Hawaii Student Robotics Teams Face Oil Spill Problem Similar to One Off US Coast

In a case of simulation imitating life, high school students in Hawai’i are faced with finding solutions to a theoretical oil spill.  The problem eerily mirrors the massive oil spill now occurring in the Gulf of Mexico.  Robots are being used in the attempt to shut off the flow of oil, but so far none have been called in to help in the actual clean-up efforts.  A quick search with Google turned up this post on robots designed to actually clean up spilled oil, but at the time of the article these bots were only a concept.  

Maybe the high school kids have come up with a real working model.  Check out the article below for the details of the competition.  It was scheduled for today, but so far I have found no results online.

What about the idea of using robots for environmental clean up?  Let me know what you think.

"Thirty-one Hawai‘i student robotics teams from across the state will put their STEM (science, technology, engineering and math) education to the test at the 2010 Hawai‘i Regional Botball Tournament Saturday (May 1)."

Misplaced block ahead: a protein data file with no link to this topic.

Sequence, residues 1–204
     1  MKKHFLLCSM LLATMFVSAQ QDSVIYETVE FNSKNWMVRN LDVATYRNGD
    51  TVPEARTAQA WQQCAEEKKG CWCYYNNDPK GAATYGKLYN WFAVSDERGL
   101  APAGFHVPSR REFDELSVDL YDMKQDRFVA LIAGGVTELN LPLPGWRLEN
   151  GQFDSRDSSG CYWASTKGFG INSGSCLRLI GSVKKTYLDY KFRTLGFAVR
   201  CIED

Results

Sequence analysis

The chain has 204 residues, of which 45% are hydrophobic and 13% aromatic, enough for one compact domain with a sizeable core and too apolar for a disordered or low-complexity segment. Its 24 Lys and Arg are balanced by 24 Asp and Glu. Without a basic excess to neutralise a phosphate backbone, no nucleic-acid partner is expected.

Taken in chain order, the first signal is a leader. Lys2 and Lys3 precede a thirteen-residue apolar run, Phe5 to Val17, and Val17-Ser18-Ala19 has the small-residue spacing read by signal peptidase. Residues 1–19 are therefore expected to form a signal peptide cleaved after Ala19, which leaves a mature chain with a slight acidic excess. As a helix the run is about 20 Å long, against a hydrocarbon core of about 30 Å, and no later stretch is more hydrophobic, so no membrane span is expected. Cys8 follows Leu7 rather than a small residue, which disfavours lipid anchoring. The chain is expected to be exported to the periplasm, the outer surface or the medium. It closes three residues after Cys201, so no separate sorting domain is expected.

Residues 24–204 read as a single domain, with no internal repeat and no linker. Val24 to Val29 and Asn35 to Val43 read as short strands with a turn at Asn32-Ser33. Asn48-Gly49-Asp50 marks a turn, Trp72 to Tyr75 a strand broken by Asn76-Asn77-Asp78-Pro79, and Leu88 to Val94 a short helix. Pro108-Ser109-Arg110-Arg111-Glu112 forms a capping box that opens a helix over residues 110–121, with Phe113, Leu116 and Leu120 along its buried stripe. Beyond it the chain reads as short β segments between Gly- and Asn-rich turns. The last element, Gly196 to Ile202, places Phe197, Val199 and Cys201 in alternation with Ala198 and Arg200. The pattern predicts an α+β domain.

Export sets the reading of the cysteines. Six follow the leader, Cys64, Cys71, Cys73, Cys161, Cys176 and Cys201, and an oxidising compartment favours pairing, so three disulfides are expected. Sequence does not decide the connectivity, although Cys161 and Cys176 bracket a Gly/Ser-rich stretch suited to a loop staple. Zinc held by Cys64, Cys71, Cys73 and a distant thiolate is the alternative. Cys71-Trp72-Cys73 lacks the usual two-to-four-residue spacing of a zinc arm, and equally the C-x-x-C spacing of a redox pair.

"This season’s game theme encourages students to research, understand and generate solutions to an environmental disaster. On the simulated competition field, an earthquake has caused an oil pipeline to rupture sending thousands of gallons of oil into the pristine “Lake Capek.” To be successful, teams must apply sorbents to the oil slicks then rescue and clean oil contaminated ducks, release the clean ducks back into the wetlands, and save the frogs trapped on an island all in 120 seconds with two autonomous robots."

Hawaii student robotics teams address simulated environmental disaster | Hawaii247.com | Hawaii 24/7  April 30, 2010

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